Burned by his Bull Run coverage, Union officials were loath to let Russell anywhere near the battlefront. Russell's banishment resulted from descriptions of the rout as having no "parallel in any description I have ever read. Infantry soldiers on mules and draught horses, with the harness clinging to their heels, as much frightened as their riders; negro servants on their masters' chargers; ambulances crowded with unwounded soldiers; wagons swarming with men who threw out the contents in the road to make room, grinding through a shouting, screaming mass of men on foot, who were literally yelling with rage at every halt."5
Historian Martin Crawford wrote: “Indeed, on the professional level, the critical objectivity that Russell so stubbornly deployed on his American visit was also his greatest burden; as attacks upon his conduct in both the norther and southern states intensified, Russell failed fully to comprehend the nationalistic forces that conspired against him.”6 In 1862, the disdain of the White House was reflected in an anonymous newspaper report “Another of the good things of the week was the expulsion of Russell, the ‘hired man of the London Times,’ from the steamer in which he had embarked himself and luggage. The campaign in Virginia is not to be caricatured by a paid slanderer, while Secretary Stanton has prevented any ill effects of his action by permitting three British officers of high rank to accompany the army. It was a cool way of saying to Dr. Russell, ‘These men are gentlemen, I believe that they will tell the truth about what they may see. We have endured you long enough.’ Russell came back in high dudgeon and appealed to the President, but Mr. Lincoln declined interfering, and the discomfited scribbler threatens to return to England.”7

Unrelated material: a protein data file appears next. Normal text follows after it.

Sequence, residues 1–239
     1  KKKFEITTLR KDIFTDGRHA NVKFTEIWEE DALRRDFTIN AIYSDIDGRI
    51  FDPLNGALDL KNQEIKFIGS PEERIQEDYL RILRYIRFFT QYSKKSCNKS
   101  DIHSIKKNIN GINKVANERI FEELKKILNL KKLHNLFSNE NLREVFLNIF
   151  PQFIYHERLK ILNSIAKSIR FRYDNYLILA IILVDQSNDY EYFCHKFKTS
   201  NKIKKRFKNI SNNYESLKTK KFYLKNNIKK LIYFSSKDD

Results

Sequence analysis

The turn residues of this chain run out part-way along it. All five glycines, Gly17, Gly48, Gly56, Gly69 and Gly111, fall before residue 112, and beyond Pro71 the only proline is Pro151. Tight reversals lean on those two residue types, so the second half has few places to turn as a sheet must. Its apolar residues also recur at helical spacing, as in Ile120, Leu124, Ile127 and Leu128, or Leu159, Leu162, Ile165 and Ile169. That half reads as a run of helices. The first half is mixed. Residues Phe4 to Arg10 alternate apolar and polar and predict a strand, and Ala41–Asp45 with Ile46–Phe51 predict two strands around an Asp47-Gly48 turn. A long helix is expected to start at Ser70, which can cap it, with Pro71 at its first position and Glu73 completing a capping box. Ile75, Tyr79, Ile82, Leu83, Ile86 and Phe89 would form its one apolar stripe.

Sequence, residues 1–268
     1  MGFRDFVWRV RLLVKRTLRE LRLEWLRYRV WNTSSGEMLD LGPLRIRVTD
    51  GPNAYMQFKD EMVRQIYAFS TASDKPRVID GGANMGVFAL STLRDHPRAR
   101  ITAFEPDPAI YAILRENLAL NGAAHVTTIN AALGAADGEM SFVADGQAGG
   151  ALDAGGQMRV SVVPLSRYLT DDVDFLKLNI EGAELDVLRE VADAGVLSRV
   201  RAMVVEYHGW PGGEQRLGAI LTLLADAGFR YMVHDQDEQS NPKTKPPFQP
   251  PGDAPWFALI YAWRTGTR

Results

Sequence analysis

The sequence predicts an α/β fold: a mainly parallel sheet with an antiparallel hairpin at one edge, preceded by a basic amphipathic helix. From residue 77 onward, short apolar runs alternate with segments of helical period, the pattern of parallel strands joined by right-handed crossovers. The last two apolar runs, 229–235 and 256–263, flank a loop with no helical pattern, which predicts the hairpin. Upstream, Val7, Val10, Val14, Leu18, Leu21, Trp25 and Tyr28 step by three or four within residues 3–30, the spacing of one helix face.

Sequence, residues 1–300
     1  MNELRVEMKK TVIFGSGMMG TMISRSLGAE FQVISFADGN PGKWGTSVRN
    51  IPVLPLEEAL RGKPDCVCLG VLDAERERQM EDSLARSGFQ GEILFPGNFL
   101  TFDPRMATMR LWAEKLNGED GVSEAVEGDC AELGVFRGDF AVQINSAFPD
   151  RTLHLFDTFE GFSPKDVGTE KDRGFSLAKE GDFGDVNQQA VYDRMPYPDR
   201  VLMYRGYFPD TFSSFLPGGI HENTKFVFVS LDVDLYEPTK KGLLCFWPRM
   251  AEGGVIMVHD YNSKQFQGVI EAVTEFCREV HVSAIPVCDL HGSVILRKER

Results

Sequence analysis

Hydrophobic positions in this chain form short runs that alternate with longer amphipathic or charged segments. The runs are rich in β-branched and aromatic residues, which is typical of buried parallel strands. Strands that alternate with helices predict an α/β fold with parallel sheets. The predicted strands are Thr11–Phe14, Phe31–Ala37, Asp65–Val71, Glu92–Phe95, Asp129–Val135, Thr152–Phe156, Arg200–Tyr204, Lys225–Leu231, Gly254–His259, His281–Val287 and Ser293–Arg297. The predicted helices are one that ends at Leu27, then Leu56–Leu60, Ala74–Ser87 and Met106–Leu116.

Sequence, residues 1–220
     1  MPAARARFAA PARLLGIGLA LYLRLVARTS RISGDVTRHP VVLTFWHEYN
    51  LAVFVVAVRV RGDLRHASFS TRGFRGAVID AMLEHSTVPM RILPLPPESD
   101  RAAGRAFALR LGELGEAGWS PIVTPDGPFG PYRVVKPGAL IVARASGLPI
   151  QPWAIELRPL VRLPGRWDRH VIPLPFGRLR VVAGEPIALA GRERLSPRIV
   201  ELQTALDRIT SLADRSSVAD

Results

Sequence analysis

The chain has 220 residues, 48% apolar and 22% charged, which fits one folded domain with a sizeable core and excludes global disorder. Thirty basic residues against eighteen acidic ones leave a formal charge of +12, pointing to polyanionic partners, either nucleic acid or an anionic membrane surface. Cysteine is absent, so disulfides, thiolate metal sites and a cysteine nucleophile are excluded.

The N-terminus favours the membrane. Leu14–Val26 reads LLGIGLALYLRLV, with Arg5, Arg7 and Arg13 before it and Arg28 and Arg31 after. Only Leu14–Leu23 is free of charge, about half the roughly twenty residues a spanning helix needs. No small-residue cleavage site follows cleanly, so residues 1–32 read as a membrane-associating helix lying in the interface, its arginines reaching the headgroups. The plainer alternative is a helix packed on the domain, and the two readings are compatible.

To Russell's credit, he was quick to observe the malign influence of “Chevalier” Henry Wikoff, a journalist and social climber who had attached himself to Mrs. Lincoln’s inner circle, and quick to be critical of her appearance and behavior. After an theater visit in November 1861, Russell recorded in his diary: “Went to the Theatre, whole corps diplomatique. Mrs. Lincoln in an awful bonnet facing us & Wikoff in attendance.”8 A few days later, Russell recorded a performer by Hermann the magician at the White House: “At his performance at yet Presidents last night he had a ‘brilliant throng’ as a collection of rowdies is generally styled by Shaw of the Herald. Poor Mrs. Lincoln a more preposterous looking female I never saw. She aped the airs of le monde last night & hid herself behind her gauze curtain peering out now & then only & she was clothed in ye royal ermine whilst yet jail bird Wikoff hovered around in attendance.” Nor was Russell particularly grateful of her attentions: “The story of her sending a bouquet to met is all over Washington & much exaggerated.”9